We had another beautiful Sunday today and had a lot of opportunities to make lasting friendships. Fortunately, we had some time this morning to relax and catch up on some missed sleep from the previous days of our tour. We had lunch prepared for us by a local restaurant before heading to a small LDS branch here in Hanoi. The branch runs out of a building space that is several stories high. The room in which everyone met was quite small compared to a typical chapel, but the members were so gracious and welcoming as we entered the building.

The Vietnamese plaque for The Church of Jesus Christ of Latter-day Saints

Entering the church building

We had a beautiful service which was translated by one of the full-time missionaries serving in the branch. Two members of BYU Singers gave short talks during sacrament meeting, and one of the members of the branch presidency filled the other slot for the closing remarks. We then had a combined Sunday school class to finish off a short two-hour block of church for the day.

Following the meeting, BYU Singers sat and rehearsed a few pieces that they would perform later for a devotional. The chapel in Hanoi is very small compared to other spaces in which the choir typically performs, but the sound was just as piercing and moving. Staging was an interesting challenge, but in the end they were able to fit everyone they needed in the small space provided.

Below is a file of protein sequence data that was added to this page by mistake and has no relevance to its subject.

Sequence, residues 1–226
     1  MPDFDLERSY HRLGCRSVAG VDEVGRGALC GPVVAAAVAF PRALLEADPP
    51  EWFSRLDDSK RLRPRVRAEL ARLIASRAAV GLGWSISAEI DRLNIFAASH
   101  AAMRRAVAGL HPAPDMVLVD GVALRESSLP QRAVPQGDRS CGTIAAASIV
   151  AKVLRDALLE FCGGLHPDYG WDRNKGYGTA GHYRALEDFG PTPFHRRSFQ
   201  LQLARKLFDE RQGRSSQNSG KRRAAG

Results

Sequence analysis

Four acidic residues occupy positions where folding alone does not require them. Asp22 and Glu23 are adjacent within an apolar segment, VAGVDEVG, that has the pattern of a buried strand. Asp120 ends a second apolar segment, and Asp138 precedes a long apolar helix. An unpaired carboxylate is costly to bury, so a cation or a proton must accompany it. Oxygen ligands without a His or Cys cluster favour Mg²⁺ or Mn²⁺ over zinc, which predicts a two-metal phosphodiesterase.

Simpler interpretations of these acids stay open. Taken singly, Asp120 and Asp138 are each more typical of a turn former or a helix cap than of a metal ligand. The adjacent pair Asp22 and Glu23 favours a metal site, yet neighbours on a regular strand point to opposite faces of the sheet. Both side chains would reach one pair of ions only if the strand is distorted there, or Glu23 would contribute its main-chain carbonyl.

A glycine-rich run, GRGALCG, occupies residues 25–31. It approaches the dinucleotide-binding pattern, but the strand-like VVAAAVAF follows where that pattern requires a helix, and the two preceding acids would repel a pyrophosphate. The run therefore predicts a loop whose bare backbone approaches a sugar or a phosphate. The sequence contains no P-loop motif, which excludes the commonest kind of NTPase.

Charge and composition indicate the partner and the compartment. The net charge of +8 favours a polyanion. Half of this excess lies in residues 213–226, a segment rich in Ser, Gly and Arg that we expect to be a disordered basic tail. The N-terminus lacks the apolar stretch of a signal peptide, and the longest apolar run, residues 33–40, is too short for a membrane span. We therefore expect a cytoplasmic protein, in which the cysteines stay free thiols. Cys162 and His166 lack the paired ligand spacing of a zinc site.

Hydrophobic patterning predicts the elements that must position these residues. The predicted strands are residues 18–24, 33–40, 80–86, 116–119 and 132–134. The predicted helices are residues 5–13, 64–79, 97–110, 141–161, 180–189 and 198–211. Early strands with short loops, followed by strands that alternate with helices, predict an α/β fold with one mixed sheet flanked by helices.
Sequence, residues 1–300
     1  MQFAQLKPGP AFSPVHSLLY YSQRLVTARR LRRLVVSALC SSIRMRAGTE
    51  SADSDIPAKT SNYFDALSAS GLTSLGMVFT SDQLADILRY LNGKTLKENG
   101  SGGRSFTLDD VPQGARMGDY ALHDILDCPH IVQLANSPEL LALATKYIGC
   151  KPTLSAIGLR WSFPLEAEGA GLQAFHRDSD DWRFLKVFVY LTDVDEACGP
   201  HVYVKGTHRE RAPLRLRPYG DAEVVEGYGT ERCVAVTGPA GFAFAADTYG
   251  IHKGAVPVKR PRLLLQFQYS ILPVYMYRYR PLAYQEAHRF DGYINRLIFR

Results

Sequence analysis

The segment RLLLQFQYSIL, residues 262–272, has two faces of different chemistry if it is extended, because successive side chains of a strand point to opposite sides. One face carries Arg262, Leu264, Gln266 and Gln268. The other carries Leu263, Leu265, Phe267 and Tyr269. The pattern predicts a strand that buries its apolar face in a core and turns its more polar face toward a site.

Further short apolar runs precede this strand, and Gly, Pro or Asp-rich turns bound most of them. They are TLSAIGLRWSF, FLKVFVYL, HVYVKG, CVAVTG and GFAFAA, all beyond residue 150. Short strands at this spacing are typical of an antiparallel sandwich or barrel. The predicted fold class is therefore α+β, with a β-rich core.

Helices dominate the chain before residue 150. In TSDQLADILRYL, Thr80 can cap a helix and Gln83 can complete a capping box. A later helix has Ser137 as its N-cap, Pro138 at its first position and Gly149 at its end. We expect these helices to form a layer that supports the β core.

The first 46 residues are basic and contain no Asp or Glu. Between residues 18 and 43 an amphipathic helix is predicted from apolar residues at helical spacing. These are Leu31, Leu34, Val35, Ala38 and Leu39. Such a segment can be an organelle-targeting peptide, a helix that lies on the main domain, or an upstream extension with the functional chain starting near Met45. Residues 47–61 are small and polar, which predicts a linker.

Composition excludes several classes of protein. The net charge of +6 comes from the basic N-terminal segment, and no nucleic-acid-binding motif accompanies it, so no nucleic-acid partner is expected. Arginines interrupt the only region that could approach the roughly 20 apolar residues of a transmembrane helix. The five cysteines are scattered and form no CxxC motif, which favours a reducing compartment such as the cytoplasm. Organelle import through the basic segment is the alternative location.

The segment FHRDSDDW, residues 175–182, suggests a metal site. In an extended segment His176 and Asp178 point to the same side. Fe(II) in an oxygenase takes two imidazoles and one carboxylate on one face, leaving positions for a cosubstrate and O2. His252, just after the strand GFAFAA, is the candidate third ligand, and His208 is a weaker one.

A rehearsal together before the devotional

The men work together on diction for the Vietnamese translation of Nearer My God to Thee

After about an hour and a half of rehearsal, an audience that ended up being around 50 people began to file into the chapel. An anxious excitement filled the room while everyone waited for the devotional to begin. In attendance were many LDS church members within Hanoi, President Hassell of the Vietnam Hanoi Mission, President Worthen and his wife, Vice President Sandra Rogers, as well as many individuals who are currently learning more about the church. Through the beautiful program today which included several LDS hymns in English and one in Vietnamese as well as the messages prepared by several of the choir members and President Worthen, all in attendance were able to strengthen their faith and look ahead with a greater devotion to Jesus Christ.

BYU Singers perform for the church in Hanoi

President Worthen offers some closing remarks about the spiritual power of music

President Worthen offering congratulations on a lovely devotional

A group picture with those in attendance tonight

Following the devotional we were provided with dinner complete with several dishes. Perhaps one of the most interesting dishes we have received on this trip until now was included in this meal—jellyfish. Eating jellyfish was a new experience for many of us, and it caused many to wonder why they are called jellyfish when the texture was anything but jelly-like. Vietnam has definitely been an interesting experience so far solely judging by the meals! We are very excited for another day of performance tomorrow when BYU Singers will be singing once again with the Military University of Culture and Arts Choir.

A not-so-jelly-like jellyfish salad